Five points you need to understand about software validation

Validation of calibration software ? as required by ISO 17025, for example ? is a topic that people don?t like to talk about. Almost always there is uncertainty about the following: Which software actually should be validated? If so, who should take care of it? Which requirements should be satisfied by validation? How do you do it efficiently and how is it documented? The following post explains the background and provides a recommendation for implementation in five steps.
In a calibration laboratory, software can be used, among other activities, from supporting the evaluation process, around fully automated calibration. Whatever the degree of automation of the program, validation always refers to the complete processes into that your program is integrated. Behind validation, therefore, is the fundamental question of whether the procedure for calibration fulfills its purpose and whether it achieves all its intended goals, that is to say, does it provide the required functionality with sufficient accuracy?
If you need to do validation tests now, you should be aware of two basic principles of software testing:
Full testing isn’t possible.
Testing is always influenced by the environment.
The former states that the test of all possible inputs and configurations of an application cannot be performed as a result of large numbers of possible combinations. Depending on the application, the user must always decide which functionality, which configurations and quality features should be prioritised and which are not relevant for him.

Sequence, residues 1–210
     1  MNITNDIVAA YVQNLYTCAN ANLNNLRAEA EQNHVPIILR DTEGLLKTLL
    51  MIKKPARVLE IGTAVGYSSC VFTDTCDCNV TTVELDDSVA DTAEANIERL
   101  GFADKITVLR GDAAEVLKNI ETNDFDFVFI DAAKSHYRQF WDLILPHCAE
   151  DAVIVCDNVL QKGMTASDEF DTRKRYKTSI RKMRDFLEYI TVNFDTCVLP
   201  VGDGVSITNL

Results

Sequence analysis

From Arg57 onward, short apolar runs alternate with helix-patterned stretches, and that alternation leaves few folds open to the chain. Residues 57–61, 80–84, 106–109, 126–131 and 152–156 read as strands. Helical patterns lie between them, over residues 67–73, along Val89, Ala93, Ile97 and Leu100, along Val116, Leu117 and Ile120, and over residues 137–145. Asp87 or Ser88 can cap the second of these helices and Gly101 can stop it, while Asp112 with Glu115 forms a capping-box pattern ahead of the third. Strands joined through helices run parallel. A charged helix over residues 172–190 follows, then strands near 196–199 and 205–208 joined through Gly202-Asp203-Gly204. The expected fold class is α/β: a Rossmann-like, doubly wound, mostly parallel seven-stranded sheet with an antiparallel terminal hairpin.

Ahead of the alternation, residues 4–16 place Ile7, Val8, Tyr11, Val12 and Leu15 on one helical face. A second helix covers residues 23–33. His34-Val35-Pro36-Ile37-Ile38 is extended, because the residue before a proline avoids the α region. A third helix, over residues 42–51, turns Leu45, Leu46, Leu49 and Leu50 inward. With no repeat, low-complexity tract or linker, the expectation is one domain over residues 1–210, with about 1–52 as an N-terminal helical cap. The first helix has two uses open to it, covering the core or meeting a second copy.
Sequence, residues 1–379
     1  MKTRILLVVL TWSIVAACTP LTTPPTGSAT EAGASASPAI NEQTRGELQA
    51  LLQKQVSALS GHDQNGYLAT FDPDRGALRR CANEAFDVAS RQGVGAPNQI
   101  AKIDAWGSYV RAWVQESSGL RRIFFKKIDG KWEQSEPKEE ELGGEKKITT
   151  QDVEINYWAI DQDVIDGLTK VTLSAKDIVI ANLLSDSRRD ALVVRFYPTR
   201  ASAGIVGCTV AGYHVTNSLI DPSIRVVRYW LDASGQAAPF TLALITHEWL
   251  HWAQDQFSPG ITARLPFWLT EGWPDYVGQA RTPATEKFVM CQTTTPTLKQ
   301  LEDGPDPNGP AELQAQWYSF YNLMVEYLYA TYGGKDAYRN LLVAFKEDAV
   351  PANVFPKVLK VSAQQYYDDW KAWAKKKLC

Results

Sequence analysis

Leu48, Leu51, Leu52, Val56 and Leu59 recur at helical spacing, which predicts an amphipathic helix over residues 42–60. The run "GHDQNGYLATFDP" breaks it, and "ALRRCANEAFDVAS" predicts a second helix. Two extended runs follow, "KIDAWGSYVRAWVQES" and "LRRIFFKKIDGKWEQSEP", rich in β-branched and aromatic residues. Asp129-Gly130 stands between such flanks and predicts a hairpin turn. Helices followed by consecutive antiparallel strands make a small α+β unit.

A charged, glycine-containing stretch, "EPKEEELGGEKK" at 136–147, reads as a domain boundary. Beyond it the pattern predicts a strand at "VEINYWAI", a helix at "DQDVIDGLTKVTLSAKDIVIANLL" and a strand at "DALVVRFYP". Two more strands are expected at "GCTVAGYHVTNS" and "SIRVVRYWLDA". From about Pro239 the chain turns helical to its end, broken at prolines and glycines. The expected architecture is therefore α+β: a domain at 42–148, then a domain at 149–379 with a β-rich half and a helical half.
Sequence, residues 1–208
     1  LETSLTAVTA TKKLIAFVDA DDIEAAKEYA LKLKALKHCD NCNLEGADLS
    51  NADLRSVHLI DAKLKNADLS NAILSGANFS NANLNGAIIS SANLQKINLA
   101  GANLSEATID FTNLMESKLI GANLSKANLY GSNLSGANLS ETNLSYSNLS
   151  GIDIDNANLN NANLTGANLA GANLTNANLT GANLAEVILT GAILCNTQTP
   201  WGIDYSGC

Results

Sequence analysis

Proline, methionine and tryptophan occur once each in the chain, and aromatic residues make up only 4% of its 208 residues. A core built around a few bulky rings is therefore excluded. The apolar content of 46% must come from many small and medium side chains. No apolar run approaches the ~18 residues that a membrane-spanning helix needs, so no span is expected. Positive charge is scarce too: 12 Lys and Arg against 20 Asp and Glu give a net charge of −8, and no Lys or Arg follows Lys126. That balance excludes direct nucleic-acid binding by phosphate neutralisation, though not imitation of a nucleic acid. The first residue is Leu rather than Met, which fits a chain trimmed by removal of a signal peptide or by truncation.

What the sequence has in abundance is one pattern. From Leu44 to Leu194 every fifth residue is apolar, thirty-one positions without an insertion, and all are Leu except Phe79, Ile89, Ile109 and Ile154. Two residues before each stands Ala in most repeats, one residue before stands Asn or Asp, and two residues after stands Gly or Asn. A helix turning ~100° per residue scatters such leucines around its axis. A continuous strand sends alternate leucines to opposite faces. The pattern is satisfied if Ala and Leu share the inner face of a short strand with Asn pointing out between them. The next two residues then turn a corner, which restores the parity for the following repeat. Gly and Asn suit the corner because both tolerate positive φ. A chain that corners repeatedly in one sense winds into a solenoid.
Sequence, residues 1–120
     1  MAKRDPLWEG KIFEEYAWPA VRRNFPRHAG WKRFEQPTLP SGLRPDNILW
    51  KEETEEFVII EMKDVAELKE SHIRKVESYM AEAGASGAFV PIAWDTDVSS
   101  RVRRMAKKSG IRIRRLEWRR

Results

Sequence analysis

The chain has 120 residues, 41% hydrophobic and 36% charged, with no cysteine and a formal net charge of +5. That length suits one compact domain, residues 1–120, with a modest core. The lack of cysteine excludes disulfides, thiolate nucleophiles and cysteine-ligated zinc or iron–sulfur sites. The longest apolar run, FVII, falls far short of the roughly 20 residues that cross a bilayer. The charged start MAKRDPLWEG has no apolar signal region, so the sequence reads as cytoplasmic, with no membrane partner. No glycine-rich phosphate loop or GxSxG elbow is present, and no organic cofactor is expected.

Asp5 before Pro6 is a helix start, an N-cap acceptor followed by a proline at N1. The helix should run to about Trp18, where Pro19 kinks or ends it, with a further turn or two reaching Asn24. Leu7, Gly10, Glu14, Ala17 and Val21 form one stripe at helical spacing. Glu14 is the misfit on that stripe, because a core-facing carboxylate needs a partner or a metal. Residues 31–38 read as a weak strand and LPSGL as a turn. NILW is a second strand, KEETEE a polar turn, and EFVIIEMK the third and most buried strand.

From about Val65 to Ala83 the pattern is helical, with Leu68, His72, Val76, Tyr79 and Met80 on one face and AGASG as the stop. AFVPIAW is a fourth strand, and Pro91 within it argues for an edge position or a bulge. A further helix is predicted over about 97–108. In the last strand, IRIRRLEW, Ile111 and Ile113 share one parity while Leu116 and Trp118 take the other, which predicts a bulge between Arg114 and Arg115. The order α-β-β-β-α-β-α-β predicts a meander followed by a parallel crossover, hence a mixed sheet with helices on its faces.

Which Confessions is made, often depends on the next point ? the operating environment of the program. Based on the application, practically, there are always different requirements and priorities of software use. There are also customer-specific adjustments to the software, such as regarding the contents of the certificate. But also the average person conditions in the laboratory environment, with a wide range of instruments, generate variance. The wide variety of requirement perspectives and the sheer, endless complexity of the software configurations within the customer-specific application areas therefore make it impossible for a manufacturer to test for all the needs of a specific customer.
Correspondingly, considering the above points, the validation falls onto the user themself. In order to make this process as efficient as you possibly can, a procedure fitting the following five points is recommended:
The data for typical calibration configurations ought to be defined as ?test sets?.
At regular intervals, typically once a year, but at the very least after any software update, these test sets should be entered into the software.
The resulting certificates could be weighed against those from the prior version.
Regarding an initial validation, a cross-check, e.g. via MS Excel, can take place.
The validation evidence should be documented and archived.
WIKA provides a PDF documentation of the calculations carried out in the software.
Note
For further information on our calibration software and calibration laboratories, go to the WIKA website.

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